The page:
First Reading: We continue with the Acts of the Apostles in the Easter octave. Peter and John return to their people after being released from the religious authorities. They prayed to the Lord about their ordeal and as they prayed, the whole house shook. The high priest with the Sadducees had the Apostles jailed but during the night the doors of the prison were opened by the Lord and the Apostles went back to the Temple to teach. As the Apostles were brought forth again during their arrest, they were reminded that they were forbidden to preach. Peter said on behalf of the Apostles that they are to obey God, not men. Gamaliel the Pharisee urged wisdom for the Sanhedrin declaring that if this is of God it cannot be stopped, but if it is of men it will certainly die out. The number of disciples grew. Hellenists complained to the Hebrews that their widows were being neglected. The Twelve decided it was right to select seven reputable men (deacons) to take care of the daily distribution while they continued with prayer and the ministry of the word. Meanwhile the number of disciples in Jerusalem increased greatly. Even a large group of priests were becoming obedient to the faith.


Gospel: In John, Nicodemus appeared to Jesus at night asking how one could be born again to which Jesus answered, "you must be born from above." As the discourse continues, the Evangelist proclaims, "God did not send his Son into the world to condemn it, but that the world might be saved through him." He explains that Jesus has come from above and speaks of the things that are from above. Whoever believes in the Son has eternal life. At a feast of the Passover, Jesus miraculously feeds the hungry crowds as a good shepherd would. He reminds the people that the actions in his earthly life were precursors of the meal that are to share. They are to eat his body and drink his blood. Jesus then departs to the other side of the sea. When a storm picks up, he walked on the turbulent waves and instructed them not to be afraid. He is with them. He has power over the natural and supernatural world.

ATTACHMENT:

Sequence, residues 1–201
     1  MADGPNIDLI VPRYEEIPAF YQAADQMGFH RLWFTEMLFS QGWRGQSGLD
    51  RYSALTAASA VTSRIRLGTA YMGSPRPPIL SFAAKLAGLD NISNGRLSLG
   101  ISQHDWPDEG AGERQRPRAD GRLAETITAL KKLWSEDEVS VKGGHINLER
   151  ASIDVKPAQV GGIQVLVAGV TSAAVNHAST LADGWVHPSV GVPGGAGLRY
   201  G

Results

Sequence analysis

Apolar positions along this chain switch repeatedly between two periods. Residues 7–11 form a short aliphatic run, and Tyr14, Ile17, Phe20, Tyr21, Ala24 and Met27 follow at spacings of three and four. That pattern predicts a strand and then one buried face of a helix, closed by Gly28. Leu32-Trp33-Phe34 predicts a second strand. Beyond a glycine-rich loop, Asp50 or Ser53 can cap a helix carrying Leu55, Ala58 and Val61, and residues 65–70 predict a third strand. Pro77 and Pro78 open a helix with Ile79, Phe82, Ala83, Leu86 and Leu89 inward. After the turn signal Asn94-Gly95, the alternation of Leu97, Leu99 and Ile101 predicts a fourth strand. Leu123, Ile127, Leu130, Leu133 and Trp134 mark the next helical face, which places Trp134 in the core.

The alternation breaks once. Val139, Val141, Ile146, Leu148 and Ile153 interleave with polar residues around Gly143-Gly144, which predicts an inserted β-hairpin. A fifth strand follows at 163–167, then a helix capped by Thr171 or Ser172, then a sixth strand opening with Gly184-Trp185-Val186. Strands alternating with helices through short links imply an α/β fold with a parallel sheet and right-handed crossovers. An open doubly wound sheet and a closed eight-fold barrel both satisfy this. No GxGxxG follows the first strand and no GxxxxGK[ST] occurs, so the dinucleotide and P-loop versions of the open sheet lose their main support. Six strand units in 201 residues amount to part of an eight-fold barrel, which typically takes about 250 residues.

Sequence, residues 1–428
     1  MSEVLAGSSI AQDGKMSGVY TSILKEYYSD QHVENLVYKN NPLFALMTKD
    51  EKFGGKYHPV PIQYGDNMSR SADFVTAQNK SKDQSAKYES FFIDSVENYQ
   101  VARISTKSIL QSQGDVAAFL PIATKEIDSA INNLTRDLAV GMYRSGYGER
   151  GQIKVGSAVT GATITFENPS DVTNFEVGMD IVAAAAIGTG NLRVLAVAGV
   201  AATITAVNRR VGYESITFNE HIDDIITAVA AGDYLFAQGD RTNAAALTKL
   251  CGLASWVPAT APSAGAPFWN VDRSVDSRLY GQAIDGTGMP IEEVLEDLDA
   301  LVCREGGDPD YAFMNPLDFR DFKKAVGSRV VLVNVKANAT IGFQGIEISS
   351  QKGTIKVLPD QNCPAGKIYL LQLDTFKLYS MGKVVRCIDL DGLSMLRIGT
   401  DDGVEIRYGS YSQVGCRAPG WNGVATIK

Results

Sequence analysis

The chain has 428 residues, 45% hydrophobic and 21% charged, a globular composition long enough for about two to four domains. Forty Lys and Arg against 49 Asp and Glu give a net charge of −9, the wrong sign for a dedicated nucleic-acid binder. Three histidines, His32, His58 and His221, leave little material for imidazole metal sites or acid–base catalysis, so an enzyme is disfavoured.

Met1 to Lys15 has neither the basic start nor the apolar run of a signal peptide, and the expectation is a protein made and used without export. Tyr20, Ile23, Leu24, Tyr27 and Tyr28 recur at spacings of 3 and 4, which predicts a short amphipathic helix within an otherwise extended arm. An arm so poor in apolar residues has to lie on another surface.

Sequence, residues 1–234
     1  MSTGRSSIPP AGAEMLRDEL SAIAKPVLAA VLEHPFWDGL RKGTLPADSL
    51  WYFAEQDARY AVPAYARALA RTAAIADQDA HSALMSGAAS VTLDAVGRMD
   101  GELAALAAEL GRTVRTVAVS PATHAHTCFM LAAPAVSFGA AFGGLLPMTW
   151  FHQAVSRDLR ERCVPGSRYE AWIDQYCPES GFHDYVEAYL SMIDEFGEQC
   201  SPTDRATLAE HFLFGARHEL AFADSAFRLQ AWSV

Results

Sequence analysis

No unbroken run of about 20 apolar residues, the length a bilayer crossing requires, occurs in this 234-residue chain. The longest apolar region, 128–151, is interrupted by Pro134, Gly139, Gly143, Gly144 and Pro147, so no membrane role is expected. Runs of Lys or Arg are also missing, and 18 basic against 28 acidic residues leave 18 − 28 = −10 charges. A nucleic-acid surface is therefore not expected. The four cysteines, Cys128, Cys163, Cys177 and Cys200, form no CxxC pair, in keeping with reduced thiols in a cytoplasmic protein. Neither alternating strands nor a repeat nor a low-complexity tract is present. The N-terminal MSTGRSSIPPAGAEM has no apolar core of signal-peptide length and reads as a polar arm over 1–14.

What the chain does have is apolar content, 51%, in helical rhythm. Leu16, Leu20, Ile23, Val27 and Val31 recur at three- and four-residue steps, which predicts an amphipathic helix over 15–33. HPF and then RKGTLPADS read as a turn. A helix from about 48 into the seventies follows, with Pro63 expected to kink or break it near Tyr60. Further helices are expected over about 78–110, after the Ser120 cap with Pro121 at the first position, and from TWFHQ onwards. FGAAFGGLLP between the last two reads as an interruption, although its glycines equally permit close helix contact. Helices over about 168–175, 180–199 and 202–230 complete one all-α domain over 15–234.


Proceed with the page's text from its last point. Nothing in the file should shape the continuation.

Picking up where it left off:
Saints of the Week

Monday: Athanasius, bishop and doctor (295-373), was an Egyptian who attended the Nicene Council in 325. He wrote about Christ's divinity but this caused his exile by non-Christian emperors. He wrote a treatise on the Incarnation and brought monasticism to the West.

Tuesday: Philip and James, Apostles (first century), were present to Jesus throughout his entire ministry. Philip was named as being explicitly called. James is called the Lesser to distinguish him from James of Zebedee. Little is known of these founders of our faith.

Wednesday, Joseph Mary Rubio, S.J., priest (1864-1929), is a Jesuit known as the Apostle of Madrid. He worked with the poor bringing them the Spiritual Exercises and spiritual direction and he established local trade schools.  

This Week in Jesuit History

·         May 1, 1572. At Rome, Pope St. Pius V dies. His decree imposing Choir on the Society was cancelled by his successor, Gregory XIII.
·         May 2, 1706. The death of Jesuit brother G J Kamel. The camellia flower is named after him.
·         May 3, 1945. American troops take over Innsbruck, Austria. Theology studies at the Canisianum resume a few months later.
·         May 4, 1902. The death of Charles Sommervogel, historian of the Society and editor of the bibliography of all publications of the Jesuits from the beginnings of the Society onward.
·         May 5, 1782. At Coimbra, Sebastian Carvahlo, Marquis de Pombal, a cruel persecutor of the Society in Portugal, died in disgrace and exile. His body remained unburied fifty years, till Father Philip Delvaux performed the last rites in 1832.
·         May 6, 1816. Letter of John Adams to Thomas Jefferson mentioning the Jesuits. "If any congregation of men could merit eternal perdition on earth and in hell, it is the company of Loyola."
·         May 7, 1547. Letter of St. Ignatius to the scholastics at Coimbra on Religious Perfection.

Neophytes

Let us pray for the Neophytes (new members) of our church who were or will be received during the Easter Season.